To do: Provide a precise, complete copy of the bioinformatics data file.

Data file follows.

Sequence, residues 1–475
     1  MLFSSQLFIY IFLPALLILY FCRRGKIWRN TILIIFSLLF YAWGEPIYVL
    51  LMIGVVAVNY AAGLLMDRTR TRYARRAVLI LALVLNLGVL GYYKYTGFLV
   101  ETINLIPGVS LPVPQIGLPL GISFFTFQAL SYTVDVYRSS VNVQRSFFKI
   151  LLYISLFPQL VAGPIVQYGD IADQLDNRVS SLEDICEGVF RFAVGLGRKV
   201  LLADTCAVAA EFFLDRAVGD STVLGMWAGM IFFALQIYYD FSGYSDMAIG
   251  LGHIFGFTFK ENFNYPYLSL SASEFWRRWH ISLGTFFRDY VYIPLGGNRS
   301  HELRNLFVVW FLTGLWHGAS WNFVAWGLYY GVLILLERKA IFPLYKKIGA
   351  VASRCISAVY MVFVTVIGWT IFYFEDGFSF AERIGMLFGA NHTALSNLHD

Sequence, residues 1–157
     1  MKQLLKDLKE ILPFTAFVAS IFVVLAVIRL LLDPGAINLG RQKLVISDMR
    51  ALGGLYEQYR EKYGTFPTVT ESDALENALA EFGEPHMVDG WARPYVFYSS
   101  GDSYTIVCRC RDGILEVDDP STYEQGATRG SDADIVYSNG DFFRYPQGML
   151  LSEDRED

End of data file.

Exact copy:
Sequence, residues 1–475
     1  MLFSSQLFIY IFLPALLILY FCRRGKIWRN TILIIFSLLF YAWGEPIYVL
    51  LMIGVVAVNY AAGLLMDRTR TRYARRAVLI LALVLNLGVL GYYKYTGFLV
   101  ETINLIPGVS LPVPQIGLPL GISFFTFQAL SYTVDVYRSS VNVQRSFFKI
   151  LLYISLFPQL VAGPIVQYGD IADQLDNRVS SLEDICEGVF RFAVGLGRKV
   201  LLADTCAVAA EFFLDRAVGD STVLGMWAGM IFFALQIYYD FSGYSDMAIG
   251  LGHIFGFTFK ENFNYPYLSL SASEFWRRWH ISLGTFFRDY VYIPLGGNRS
   301  HELRNLFVVW FLTGLWHGAS WNFVAWGLYY GVLILLERKA IFPLYKKIGA
   351  VASRCISAVY MVFVTVIGWT IFYFEDGFSF AERIGMLFGA NHTALSNLHD

Sequence, residues 1–157
     1  MKQLLKDLKE ILPFTAFVAS IFVVLAVIRL LLDPGAINLG RQKLVISDMR
    51  ALGGLYEQYR EKYGTFPTVT ESDALENALA EFGEPHMVDG WARPYVFYSS
   101  GDSYTIVCRC RDGILEVDDP STYEQGATRG SDADIVYSNG DFFRYPQGML
   151  LSEDRED